This time I tensed, sliding out of the doorway. He went barreling past, lunging into the hall. I tossed another dart but again it missed, this time sinking into the wall just above his head.
Only one dart remaining. Without the darts, I didnt think I could overcome the captain.
The ship struck something and we both lurched from our feet.
Behind me, Brin moaned. I glanced to see if she was all right. When I looked back, the captain had lunged toward me again. His hands reached my throat and slammed my head back and into the wall. He squeezed my neck with amazing strength. The distant part of my mind calculated my likelihood of survival as miniscule.
With one last kick, I swung my hands and the remaining dart jammed into his shoulder. Again I prayed to the Great Watcher, this time that there was enough poison on the dart to bring down the captain.
He squeezed harder, crushing my throat.
And then the strength left his hands.
He fell away, crashing into the back wall of the ship.
I did not watch him. If the dart failed, I would not survive much longer anyway.
Turning back to Brin, the first dart I had thrown pierced her dress near her stomach.
I ran to her and grabbed the dart, pulling it away and tossing it to the ground.
Brin? I repeated. Already I feared there would be no answer, that the srirach had taken her ability to speak.
She coughed. Galen?
A moment of hope worked through me. Unmindful of propriety, I shifted her dress and looked for a puncture wound, but saw nothing. Carefully, I double-checked but still did not find any sign of the dart piercing her skin. I allowed myself to relax briefly. The dress had caught the dart, protecting her.
Where do you hurt? I asked. I worked to remove the shackles holding her wrists to the bed.
When they were off, Brin sat up. She looked past me and into the hall toward where the captain lay dying. What did you do?
What I had to.
Is this, she began, looking up at me, is this what Isander teaches you?
Not this. Isander would have me heal them next. After what I had done to save Brin, I wondered if Isander would teach me any longer.
She watched my face, looking at me with such concern I wondered whether she Read me. Oh, Galen She leaned close. The scent of lavender was gone, replaced by the stink from the captain and his men.
I handed her a holly oak leaf. Chew this.
Brin took the leaf and placed it into her mouth, chewing it slowly. I waited until her strength returned before starting out of the ship. She slid past the captain, bare feet sliding along the wall so she didnt come into contact with him. As she reached the stairs, she turned to me. Is that what you will do?
She pointed to the captain. As Isander would do. Will you heal him?
I looked down. The captain blinked up at me. I thought of the healing agents Isander had taught me, the reversing agents necessary for srirach. The holly oak could delay his death, perhaps long enough to prepare an antidote. And I knew how he suffered, knew the agony burning through his body, the way his flesh felt like it practically boiled.
When I looked back at Brin, I saw concern in her eyes. Still, I could not get past the way her lip had been bloodied, the large rip of her dress with blood staining the borders, the memory of the captain preparing to violate her.
No, I said.
I sat in front of the small fire, strangely feeling no warmth. Instead, I felt numb.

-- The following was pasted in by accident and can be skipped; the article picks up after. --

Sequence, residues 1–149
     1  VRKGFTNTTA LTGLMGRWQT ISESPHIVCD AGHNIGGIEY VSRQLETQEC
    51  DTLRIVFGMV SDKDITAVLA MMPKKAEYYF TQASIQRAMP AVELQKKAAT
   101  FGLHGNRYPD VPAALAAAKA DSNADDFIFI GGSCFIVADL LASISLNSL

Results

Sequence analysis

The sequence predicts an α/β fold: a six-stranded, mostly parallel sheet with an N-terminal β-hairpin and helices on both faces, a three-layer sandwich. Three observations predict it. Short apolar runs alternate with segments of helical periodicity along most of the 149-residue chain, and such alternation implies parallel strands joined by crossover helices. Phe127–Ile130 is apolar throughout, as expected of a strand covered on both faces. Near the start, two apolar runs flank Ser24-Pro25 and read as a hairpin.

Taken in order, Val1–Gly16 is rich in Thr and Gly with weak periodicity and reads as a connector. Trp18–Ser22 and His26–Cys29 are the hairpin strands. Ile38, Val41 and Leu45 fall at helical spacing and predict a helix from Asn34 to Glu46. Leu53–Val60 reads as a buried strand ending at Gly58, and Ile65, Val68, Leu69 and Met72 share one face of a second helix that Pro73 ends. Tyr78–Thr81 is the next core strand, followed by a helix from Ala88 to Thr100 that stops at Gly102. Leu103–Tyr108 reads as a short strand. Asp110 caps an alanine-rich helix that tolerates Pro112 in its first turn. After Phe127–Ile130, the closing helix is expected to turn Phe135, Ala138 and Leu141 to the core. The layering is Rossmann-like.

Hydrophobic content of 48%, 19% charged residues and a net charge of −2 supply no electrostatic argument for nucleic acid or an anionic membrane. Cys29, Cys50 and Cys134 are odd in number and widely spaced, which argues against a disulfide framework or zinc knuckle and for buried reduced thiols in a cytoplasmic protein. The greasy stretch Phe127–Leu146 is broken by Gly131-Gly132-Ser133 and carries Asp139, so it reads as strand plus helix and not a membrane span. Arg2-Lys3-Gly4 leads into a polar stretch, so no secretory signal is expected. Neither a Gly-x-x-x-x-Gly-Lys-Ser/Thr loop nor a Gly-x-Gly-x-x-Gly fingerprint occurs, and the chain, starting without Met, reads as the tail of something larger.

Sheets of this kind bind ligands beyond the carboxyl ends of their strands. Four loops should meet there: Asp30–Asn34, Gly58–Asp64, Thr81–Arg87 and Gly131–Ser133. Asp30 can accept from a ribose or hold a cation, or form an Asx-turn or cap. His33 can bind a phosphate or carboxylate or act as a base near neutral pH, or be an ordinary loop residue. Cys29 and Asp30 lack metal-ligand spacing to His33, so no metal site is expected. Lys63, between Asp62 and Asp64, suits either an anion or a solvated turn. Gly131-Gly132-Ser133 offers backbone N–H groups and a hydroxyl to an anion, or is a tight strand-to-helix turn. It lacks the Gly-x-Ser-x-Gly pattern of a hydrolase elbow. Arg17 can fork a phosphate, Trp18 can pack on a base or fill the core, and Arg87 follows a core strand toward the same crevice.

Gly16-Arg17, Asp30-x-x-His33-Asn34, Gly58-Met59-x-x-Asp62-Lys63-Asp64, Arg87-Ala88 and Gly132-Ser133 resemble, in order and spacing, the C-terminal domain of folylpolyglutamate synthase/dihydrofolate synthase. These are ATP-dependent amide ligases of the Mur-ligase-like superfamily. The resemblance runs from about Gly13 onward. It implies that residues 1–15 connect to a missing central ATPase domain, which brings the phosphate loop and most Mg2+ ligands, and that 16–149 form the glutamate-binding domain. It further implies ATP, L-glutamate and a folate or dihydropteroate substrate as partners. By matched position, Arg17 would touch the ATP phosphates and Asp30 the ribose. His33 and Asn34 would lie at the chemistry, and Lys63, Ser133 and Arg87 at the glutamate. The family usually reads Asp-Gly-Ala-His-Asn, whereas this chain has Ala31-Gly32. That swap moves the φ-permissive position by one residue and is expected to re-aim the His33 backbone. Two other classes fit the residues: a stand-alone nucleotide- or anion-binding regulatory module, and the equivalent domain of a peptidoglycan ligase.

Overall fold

My stomach ached, though it was a distant sensation, dulled by the effect of the holly oak I chewed. I wondered if I should feel remorse. Intentionally taking a mans life with my knowledge of healing, purposefully going against the teachings of the Great Watcher, should leave me feeling different than the emptiness I felt. Unlike when I had been banished from Elaeavn, this time I could not claim an accident.
Standing next to me, Isander watched me. Pale green eyes watched me for reaction. When he finally broke the silence, it was as if he had Read my fears. You think the Great Watcher frowns upon what you did?
I blinked, thinking of Brins face, bloodied and bruised, the way the captain prepared to rape her. If the Great Watcher could allow that to happen to Brin, then I did not care whether I had his favor. I think the Great Watcher has already judged me.
Already exiled from Elaeavn, now I truly was one of the Forgotten, cursed to spend my days away from the blessings of the Great Watcher.
Perhaps you have not yet been judged, Isander answered. Perhaps you have been placed here with a different purpose. Have you considered that you served the Great Watcher through your actions?
I took a deep breath, surprised by Isanders reaction. I had expected disappointment, perhaps anger. During the walk back to his house, I had even feared that he would no longer teach me. I felt unprepared for sympathy.
He sat down next to me. Compassion deepened the wrinkles on his face. You understand now?
I looked over at him. His voice had taken on the tone of a lecture and I knew what he said now would be important.
He shook his head. I had not expected you to learn so soon. We have spent all our time on healing, but do you know why srirach would be used? How someone could deserve such a fate?
All at once I understood the real purpose of his lesson.
There was no doubt in my mind the captain and the others deserved their fate, deserved the brutality of srirach. A part of me truly hoped they suffered.
Isander watched me for another moment and then nodded. Good. Tonight you will rest. This should help, he said, setting a steaming cup on the floor in front of me. I did not bother to ask what he had put into it. Tomorrow the lessons continue.
As he left, I shivered in spite of the heat of the crackling fire, uncertain whether I could handle another lesson like this one. But I knew, had I not learned this lesson, Brin would have been lost.
Finally, I took a drink from the cup. I would need to be ready for tomorrows lesson.
Read more with Galen in book 1 of The Sighted Assassin: Binders Game